His Majesty, King Harald the Fifth of Norway. A bloke who loves to sail, even though it’s some petty rowboats with a sheet slapped to something they call a mast.
Sterling Morrison, who was a member of “Velvet Underground”, went to work at G&H Towing in Houston/Galveston after he left the band. He worked as a captain there for many years. Apparently, he was set for life (almost obviously) and didn’t have to work, but he did it because he loved it. He worked there until his death and Lou Reed had some funny comments on it at one of their tributes/awards ceremonies (I dont remember exactly).
Sterling Hayden for Christ’s sake…how can I have missed him!
Hayden was a genuine adventurer and man of action, not dissimilar from many of his movie parts. He dropped out of high school at the age of 16 and took a job as mate on a schooner. His first voyage was to Newport Beach, California from New London, Connecticut. Later, he was a fisherman on the Grand Banks of Newfoundland, ran a charter yacht, and served as a fireman on eleven trips to Cuba aboard a steamer. He skippered a trading schooner in the Caribbean after earning his master’s license, and in 1937 he served as mate on a world cruise of the schooner Yankee. After serving as sailor and fireman on larger vessels and sailing around the world several times, he was awarded his first command aged 22, skippering the square rigger Florence C. Robinson 7,700 miles from Gloucester, Massachusetts, to Tahiti in 1938.
QUOTE FROM THE WANDERER BY STERLING HAYDEN:
To be truly challenging, a voyage, like a life, must rest on a firm foundation of financial unrest. Otherwise, you are doomed to a routine traverse, the kind known to yachtsmen who play with their boats at sea… cruising, it is called. Voyaging belongs to seamen, and to the wanderers of the world who cannot, or will not, fit in. If you are contemplating a voyage and you have the means, abandon the venture until your fortunes change. Only then will you know what the sea is all about. “I’ve always wanted to sail to the south seas, but I can’t afford it.” What these men can’t afford is not to go. They are enmeshed in the cancerous discipline of security. And in the worship of security we fling our lives beneath the wheels of routine - and before we know it our lives are gone. What does a man need - really need? A few pounds of food each day, heat and shelter, six feet to lie down in - and some form of working activity that will yield a sense of accomplishment. That’s all - in the material sense, and we know it. But we are brainwashed by our economic system until we end up in a tomb beneath a pyramid of time payments, mortgages, preposterous gadgetry, playthings that divert our attention for the sheer idiocy of the charade. The years thunder by, the dreams of youth grow dim where they lie caked in dust on the shelves of patience. Before we know it, the tomb is sealed. Where, then, lies the answer? In choice. Which shall it be: bankruptcy of purse or bankruptcy of life?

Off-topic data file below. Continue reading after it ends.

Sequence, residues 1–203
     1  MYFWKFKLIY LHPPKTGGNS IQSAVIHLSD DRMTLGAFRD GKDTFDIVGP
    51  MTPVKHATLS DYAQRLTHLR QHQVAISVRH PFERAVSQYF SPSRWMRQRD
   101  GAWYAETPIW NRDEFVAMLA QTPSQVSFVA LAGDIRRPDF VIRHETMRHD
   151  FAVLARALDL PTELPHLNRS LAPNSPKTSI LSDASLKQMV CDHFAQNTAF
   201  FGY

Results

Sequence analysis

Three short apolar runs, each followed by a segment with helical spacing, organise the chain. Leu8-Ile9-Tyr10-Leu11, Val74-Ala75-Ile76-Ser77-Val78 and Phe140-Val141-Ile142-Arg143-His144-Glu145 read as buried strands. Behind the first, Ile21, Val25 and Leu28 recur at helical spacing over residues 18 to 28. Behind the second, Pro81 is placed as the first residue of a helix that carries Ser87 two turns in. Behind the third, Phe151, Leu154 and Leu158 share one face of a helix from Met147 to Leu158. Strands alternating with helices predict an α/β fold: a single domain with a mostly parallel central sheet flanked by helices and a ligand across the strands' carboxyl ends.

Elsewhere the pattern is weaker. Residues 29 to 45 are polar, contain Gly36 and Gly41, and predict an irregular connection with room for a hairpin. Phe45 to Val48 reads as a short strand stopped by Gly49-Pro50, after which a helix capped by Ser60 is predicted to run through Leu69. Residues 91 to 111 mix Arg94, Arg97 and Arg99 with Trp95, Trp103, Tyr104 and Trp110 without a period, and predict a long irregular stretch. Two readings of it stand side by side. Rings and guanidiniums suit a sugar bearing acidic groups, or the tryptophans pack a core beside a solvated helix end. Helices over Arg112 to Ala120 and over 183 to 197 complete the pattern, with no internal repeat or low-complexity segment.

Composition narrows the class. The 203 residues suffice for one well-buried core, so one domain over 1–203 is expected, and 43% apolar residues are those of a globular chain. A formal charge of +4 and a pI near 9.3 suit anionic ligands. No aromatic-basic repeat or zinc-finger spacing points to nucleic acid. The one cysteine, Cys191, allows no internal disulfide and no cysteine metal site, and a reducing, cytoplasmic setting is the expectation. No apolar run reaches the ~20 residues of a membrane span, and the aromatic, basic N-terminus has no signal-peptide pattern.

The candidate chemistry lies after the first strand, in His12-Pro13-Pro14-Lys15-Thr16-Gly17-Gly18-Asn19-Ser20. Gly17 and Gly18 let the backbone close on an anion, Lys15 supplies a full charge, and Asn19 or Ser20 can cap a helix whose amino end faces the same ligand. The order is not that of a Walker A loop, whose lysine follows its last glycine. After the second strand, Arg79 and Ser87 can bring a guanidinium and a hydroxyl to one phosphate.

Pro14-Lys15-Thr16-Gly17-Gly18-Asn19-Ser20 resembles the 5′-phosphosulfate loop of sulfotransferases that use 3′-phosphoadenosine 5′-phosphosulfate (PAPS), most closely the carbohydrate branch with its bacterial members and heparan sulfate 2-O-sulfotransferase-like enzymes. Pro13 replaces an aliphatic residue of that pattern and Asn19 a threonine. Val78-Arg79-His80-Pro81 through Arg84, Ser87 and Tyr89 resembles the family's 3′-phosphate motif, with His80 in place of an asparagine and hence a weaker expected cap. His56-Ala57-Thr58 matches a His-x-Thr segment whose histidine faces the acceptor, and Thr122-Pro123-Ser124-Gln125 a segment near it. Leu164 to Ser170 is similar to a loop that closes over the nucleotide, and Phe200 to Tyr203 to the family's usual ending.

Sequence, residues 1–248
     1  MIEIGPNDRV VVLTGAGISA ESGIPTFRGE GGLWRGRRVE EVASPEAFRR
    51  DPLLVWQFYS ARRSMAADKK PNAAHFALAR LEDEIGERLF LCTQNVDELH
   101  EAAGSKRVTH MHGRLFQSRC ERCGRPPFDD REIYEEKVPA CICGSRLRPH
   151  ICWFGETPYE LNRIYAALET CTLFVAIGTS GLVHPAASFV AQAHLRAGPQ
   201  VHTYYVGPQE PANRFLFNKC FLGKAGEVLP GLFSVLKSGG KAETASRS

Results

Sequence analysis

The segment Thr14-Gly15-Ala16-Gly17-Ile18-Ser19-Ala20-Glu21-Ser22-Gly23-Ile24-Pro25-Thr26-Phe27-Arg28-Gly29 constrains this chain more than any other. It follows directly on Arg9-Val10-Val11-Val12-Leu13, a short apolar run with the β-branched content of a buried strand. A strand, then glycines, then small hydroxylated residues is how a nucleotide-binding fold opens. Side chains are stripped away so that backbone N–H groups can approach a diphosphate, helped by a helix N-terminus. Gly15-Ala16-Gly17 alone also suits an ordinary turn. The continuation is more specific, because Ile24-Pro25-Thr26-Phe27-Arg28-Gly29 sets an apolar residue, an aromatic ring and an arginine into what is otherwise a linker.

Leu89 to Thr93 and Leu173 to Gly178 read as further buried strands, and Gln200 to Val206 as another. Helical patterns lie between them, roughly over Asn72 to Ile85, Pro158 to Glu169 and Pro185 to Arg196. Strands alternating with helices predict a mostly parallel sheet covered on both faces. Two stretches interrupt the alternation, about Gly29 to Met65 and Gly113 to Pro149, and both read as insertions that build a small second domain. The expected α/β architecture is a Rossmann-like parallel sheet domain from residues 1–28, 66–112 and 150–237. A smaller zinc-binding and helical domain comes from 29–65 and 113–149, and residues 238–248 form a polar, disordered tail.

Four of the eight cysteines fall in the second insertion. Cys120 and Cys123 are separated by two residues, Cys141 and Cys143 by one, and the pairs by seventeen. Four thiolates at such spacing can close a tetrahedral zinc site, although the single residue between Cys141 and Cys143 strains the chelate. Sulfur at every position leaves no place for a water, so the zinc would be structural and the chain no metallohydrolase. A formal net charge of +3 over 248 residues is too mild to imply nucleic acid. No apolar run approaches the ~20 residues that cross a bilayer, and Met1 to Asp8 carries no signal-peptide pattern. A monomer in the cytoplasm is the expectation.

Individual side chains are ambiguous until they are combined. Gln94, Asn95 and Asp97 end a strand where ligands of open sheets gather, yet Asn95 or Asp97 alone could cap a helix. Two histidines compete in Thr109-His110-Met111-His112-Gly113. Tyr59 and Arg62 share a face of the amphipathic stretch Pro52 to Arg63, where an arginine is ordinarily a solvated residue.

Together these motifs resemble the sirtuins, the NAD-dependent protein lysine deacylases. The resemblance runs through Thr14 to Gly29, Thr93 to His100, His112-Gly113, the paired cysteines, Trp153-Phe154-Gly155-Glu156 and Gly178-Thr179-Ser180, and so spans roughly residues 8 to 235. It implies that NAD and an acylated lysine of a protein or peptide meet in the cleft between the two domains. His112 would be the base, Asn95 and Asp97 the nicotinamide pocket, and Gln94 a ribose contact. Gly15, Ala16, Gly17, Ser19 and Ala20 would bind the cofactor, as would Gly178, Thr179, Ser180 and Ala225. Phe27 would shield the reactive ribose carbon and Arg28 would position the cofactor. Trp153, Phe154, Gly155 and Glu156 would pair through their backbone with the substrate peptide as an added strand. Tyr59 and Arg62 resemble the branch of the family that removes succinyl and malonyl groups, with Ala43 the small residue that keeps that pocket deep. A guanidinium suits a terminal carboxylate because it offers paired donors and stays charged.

I don’t know if any of you mugs know it but Sinatra’s Rat Pack started as Bogie’s Rat Pack!
The name “The Rat Pack” was first used to refer to a group of friends in New York. Several explanations have been offered for the famous name over the years. According to one version, the group’s original “Den Mother,” Lauren Bacall, after seeing her husband (Bogart) and his friends return from a night in Las Vegas, said words to the effect of “You look like a damn rat pack.” “Rat Pack” may also be a shortened version of “Holmby Hills Rat Pack”, a reference to the home of Humphrey Bogart and Lauren Bacall which served as a regular hangout.
Visiting members included Errol Flynn, Nat King Cole, Mickey Rooney and Cesar Romero.
According to Stephen Bogart, the original members of the Holmby Hills Rat Pack were: Frank Sinatra (pack master), Judy Garland (first vice-president), Bacall (den mother), Sid Luft (cage master), Bogart (rat in charge of public relations), Swifty Lazar (recording secretary and treasurer), Nathaniel Benchley (historian), David Niven, Katharine Hepburn, Spencer Tracy, George Cukor, Cary Grant, Rex Harrison, and Jimmy Van Heusen. In his autobiography The Moon’s a Balloon, David Niven confirms that the Rat Pack originally included him but not Sammy Davis, Jr. or Dean Martin.